Tue | Jun 15, 2021

Boxing is brutal

Published:Thursday | April 19, 2012 | 12:00 AM

By Devon Dick

There is renewed interest in professional boxing partly due to the televised 'J. Wray & Nephew Contender' series on TVJ. In fact, the organisers affirmed the popularity of televised boxing by claiming it is the No. 1 television series watched last year. However, professional boxing is inherently a brutal sport.

The aim of professional boxing is for two persons to cause as much pain as possible to each other in order for one to win. And this is done by consistent and continuous attacks to the head, in particular. There is medical evidence that constant hits to the head can lead to severe injuries and other complications. If these tactics were part of other sports there would be an outcry and outrage.

In fact, according to a recently released audio, coordinator Gregg Williams, on the eve of New Orleans Saints January 14 play-off's loss to the 49ers, hollered to his defence line, "Kill Frank Gore's head. Blow out Michael Crabtree's knee. Hit Alex Smith's chin. Clip Vernon Davis' ankles. Put a lick on Kyle Williams' recently concussed head." These stunning comments are the first evidence identifying 49ers' players as targets of the Saints' illegal bounty programme, which an NFL investigation exposed last month. This is not just rhetoric to hype the players. They are seen as illegal tactics. Williams has been suspended indefinitely by the league in the wake of its three-year investigation into the Saints' tactics. However, in professional boxing it is expected that the trainer would encourage his boxer to go for the head and chin and cause as much harm as possible.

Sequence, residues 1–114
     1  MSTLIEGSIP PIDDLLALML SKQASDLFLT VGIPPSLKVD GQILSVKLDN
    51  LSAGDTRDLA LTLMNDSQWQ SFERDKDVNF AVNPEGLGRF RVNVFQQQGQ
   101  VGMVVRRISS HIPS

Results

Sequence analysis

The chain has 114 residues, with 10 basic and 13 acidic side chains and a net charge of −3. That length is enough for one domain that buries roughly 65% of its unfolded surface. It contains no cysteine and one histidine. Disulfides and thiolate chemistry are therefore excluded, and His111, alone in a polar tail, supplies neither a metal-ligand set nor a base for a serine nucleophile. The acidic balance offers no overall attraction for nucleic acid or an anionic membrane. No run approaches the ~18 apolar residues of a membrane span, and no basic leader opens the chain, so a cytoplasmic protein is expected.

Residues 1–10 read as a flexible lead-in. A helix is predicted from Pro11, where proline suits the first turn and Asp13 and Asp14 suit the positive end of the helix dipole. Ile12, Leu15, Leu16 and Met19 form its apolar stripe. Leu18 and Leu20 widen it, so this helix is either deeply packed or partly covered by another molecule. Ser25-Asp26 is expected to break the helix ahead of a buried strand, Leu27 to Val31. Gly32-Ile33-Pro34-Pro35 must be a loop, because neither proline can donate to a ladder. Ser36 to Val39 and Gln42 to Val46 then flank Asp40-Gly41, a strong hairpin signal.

Therefore, there needs to be another look at professional boxing and an attempt to improve the sport. Because the Bible uses boxing imagery to encourage Christians to confront evil, it is not to be construed as justification for what happens in professional boxing.

Especially in a society with too high a murder rate and a propensity to violence, we should not encourage professional boxing with its brutal aspects. Professional boxing has made one significant change, in that world championship fights have been reduced from 15 rounds of three minutes each to 12 rounds. This has reduced the chances of serious injuries to tired boxers. In fact, it should be reduced to eight rounds, because by round eight the winner is usually evident. In any case, in amateur boxing the results are determined by three rounds.


There is much that professional boxing can learn from amateur boxing. In amateur boxing, the boxers wear headgear for protection, and this should be the case in professional boxing. This would help prevent serious head injuries and cuts over the eyes, et cetera. Furthermore, the boxing industry should give consideration to padding for parts of the body to prevent the boxer from feeling the full impact. This is not a far-fetched suggestion because we no longer have bare-fist fights. Instead, boxers' gloves are padded. Therefore, it is one step further to pad the bodies. And sports is moving in that direction. In cricket, helmets are now part of the batsman's and fielder's gear in order to prevent serious injury. This was not so three decades ago. A sport's aim cannot be to cause harm. Therefore, those elements should be removed as quickly as possible.

Boxing and its training can be very good in helping physical fitness. The first time I did some boxing training was with then JDF's Warrant Officer Bailey, and I found it good but very exhausting. It can be a very good sport. Therefore, what is needed is to rid professional boxing of its brutal aspects and for the fans not to be clamouring for blood.

Rev Devon Dick is pastor of the Boulevard Baptist Church in St Andrew. Email feedback to columns@gleanerjm.com.